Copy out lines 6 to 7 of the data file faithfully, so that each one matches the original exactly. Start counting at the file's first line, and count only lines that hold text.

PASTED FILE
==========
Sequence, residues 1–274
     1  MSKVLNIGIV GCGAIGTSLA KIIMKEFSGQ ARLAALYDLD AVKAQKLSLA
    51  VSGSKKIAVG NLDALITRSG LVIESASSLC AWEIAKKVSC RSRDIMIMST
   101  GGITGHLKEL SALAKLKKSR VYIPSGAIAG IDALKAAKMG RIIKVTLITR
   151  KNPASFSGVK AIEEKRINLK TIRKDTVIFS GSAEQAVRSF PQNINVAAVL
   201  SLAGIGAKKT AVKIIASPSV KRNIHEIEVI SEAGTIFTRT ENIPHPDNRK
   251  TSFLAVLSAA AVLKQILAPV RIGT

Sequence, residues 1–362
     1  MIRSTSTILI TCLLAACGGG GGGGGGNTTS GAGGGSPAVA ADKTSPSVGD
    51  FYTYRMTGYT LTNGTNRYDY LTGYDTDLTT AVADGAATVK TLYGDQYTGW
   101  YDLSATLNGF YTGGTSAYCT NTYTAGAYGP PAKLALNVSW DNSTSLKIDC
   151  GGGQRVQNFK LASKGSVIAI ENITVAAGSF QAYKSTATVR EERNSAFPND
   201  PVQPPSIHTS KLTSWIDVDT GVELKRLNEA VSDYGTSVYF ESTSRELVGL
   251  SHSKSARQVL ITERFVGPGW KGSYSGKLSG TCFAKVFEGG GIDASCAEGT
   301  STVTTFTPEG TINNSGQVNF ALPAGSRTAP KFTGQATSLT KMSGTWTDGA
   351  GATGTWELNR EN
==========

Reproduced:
   201  SLAGIGAKKT AVKIIASPSV KRNIHEIEVI SEAGTIFTRT ENIPHPDNRK
   251  TSFLAVLSAA AVLKQILAPV RIGT